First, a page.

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Fake malaria drugs threaten millions




 

United Press International - January 17, 2012

OXFORD, England, Jan. 17 (UPI) -- Criminals are circulating counterfeit and substandard drugs meant to control malaria, threatening millions of lives in Africa, scientists warn.

Dr. Paul Newton of the Wellcome Trust-Mahosot Hospital-Oxford University Tropical Medicine Research Collaboration in Laos and a team of colleagues report fake anti-malarials are on sale in Africa, as are poor quality anti-malarials that are both useless and dangerous, The Guardian reported.

Malaria kills nearly 1 million people each year, mainly young children and pregnant women. It is caused by parasites injected into the bloodstream by mosquitoes.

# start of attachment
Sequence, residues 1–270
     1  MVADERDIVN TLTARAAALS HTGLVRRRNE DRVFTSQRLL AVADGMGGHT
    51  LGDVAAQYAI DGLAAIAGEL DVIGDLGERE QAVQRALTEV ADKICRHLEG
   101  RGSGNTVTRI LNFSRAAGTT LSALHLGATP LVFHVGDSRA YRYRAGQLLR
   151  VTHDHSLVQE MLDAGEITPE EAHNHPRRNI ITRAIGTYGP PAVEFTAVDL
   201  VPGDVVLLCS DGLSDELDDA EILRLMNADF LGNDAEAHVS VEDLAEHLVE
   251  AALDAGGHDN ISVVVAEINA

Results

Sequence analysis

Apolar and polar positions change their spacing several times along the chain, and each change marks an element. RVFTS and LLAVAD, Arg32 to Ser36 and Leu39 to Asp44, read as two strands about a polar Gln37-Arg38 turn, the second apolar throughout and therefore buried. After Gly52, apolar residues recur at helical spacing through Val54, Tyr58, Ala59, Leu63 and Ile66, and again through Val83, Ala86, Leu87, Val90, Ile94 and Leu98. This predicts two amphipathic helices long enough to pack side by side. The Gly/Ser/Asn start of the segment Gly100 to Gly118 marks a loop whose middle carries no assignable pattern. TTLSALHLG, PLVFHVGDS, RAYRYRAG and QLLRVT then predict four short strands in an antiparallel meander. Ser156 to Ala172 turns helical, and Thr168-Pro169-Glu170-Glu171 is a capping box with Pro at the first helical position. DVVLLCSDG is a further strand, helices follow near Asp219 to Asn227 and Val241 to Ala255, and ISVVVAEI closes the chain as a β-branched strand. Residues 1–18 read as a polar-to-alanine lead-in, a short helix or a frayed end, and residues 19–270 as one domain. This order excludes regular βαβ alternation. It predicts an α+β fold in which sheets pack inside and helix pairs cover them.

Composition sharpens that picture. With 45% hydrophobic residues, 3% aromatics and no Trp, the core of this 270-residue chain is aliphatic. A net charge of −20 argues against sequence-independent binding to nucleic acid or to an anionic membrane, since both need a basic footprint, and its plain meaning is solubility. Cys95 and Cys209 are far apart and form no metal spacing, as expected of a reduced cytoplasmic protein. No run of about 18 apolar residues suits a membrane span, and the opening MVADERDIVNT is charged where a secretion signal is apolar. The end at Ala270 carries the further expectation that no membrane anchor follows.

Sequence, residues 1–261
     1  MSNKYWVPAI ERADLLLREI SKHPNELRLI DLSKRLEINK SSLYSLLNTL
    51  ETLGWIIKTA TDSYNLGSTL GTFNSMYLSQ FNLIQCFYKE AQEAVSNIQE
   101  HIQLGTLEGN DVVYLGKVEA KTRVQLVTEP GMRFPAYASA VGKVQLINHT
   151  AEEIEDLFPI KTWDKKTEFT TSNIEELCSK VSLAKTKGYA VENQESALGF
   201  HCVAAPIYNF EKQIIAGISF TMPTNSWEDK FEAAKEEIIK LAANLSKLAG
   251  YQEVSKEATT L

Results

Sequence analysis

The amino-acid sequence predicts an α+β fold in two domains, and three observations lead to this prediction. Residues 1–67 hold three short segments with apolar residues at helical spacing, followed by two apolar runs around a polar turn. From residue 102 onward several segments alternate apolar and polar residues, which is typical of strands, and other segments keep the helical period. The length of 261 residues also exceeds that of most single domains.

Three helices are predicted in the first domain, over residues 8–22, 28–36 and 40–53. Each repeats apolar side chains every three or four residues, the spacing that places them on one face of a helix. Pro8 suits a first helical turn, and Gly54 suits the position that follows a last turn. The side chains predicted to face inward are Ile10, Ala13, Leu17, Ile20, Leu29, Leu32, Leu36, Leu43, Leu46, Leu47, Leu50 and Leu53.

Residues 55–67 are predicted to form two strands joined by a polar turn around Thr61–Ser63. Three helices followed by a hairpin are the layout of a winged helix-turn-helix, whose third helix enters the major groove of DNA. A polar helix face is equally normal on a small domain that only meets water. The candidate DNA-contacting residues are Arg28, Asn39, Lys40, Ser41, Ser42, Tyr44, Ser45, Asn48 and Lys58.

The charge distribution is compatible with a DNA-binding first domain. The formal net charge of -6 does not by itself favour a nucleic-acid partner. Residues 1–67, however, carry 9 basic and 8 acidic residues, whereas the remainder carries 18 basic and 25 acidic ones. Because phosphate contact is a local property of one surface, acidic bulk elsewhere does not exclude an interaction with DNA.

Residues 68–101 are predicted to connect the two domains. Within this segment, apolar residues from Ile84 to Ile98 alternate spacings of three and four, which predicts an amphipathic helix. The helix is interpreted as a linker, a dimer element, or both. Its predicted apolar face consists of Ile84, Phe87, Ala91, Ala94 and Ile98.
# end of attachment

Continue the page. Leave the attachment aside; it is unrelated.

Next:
Large parts of Africa are threatened by the distribution of fake and poor quality anti-malarials made illicitly in China, the researchers said.

Newton and colleagues looked at samples of suspect drugs from 11 countries collected from 2002 to 2010 and analysis showed some counterfeits contained a mixture of wrong active pharmaceutical ingredients, some of which may initially alleviate malaria symptoms but not cure malaria.

The unexpected ingredients could cause potentially serious side effects, particularly if they were to interact with other medication, such as anti-retroviral therapies for HIV, Newton said.



 


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Information in this article was accurate in January 17, 2012. The state of the art may have changed since the publication date. This material is designed to support, not replace, the relationship that exists between you and your doctor. Always discuss treatment options with a doctor who specializes in treating HIV.